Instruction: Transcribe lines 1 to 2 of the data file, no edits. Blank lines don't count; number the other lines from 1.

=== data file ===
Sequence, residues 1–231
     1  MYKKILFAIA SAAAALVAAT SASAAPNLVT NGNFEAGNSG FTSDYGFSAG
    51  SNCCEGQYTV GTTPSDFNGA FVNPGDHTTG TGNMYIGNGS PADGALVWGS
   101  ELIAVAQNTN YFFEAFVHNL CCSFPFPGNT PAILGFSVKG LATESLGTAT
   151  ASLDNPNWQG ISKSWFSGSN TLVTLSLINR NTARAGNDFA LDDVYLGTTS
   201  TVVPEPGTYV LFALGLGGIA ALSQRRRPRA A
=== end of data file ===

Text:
Sequence, residues 1–231
     1  MYKKILFAIA SAAAALVAAT SASAAPNLVT NGNFEAGNSG FTSDYGFSAG